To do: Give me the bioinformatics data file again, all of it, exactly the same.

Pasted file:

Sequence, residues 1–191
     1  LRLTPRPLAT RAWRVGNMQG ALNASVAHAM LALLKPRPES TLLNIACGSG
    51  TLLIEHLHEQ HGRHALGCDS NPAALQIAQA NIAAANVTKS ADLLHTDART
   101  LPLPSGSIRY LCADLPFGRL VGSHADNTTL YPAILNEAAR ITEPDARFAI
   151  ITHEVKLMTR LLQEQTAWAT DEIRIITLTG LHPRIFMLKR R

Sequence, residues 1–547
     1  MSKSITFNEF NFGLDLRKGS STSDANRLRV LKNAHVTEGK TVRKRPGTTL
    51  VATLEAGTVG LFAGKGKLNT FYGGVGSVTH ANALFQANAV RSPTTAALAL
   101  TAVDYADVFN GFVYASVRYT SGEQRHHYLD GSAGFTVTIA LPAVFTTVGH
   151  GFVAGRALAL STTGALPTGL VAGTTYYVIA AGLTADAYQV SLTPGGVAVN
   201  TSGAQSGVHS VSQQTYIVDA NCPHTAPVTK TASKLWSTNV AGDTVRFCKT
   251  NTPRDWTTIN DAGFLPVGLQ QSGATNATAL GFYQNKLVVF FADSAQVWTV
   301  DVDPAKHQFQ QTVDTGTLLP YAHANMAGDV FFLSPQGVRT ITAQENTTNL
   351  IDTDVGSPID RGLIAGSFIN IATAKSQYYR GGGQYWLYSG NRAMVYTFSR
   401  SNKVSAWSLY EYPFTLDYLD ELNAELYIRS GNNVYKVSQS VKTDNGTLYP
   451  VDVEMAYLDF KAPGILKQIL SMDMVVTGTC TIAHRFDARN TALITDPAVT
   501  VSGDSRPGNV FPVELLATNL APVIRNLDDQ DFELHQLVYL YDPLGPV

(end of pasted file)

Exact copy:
Sequence, residues 1–191
     1  LRLTPRPLAT RAWRVGNMQG ALNASVAHAM LALLKPRPES TLLNIACGSG
    51  TLLIEHLHEQ HGRHALGCDS NPAALQIAQA NIAAANVTKS ADLLHTDART
   101  LPLPSGSIRY LCADLPFGRL VGSHADNTTL YPAILNEAAR ITEPDARFAI
   151  ITHEVKLMTR LLQEQTAWAT DEIRIITLTG LHPRIFMLKR R

Sequence, residues 1–547
     1  MSKSITFNEF NFGLDLRKGS STSDANRLRV LKNAHVTEGK TVRKRPGTTL
    51  VATLEAGTVG LFAGKGKLNT FYGGVGSVTH ANALFQANAV RSPTTAALAL
   101  TAVDYADVFN GFVYASVRYT SGEQRHHYLD GSAGFTVTIA LPAVFTTVGH
   151  GFVAGRALAL STTGALPTGL VAGTTYYVIA AGLTADAYQV SLTPGGVAVN
   201  TSGAQSGVHS VSQQTYIVDA NCPHTAPVTK TASKLWSTNV AGDTVRFCKT
   251  NTPRDWTTIN DAGFLPVGLQ QSGATNATAL GFYQNKLVVF FADSAQVWTV
   301  DVDPAKHQFQ QTVDTGTLLP YAHANMAGDV FFLSPQGVRT ITAQENTTNL
   351  IDTDVGSPID RGLIAGSFIN IATAKSQYYR GGGQYWLYSG NRAMVYTFSR
   401  SNKVSAWSLY EYPFTLDYLD ELNAELYIRS GNNVYKVSQS VKTDNGTLYP
   451  VDVEMAYLDF KAPGILKQIL SMDMVVTGTC TIAHRFDARN TALITDPAVT
   501  VSGDSRPGNV FPVELLATNL APVIRNLDDQ DFELHQLVYL YDPLGPV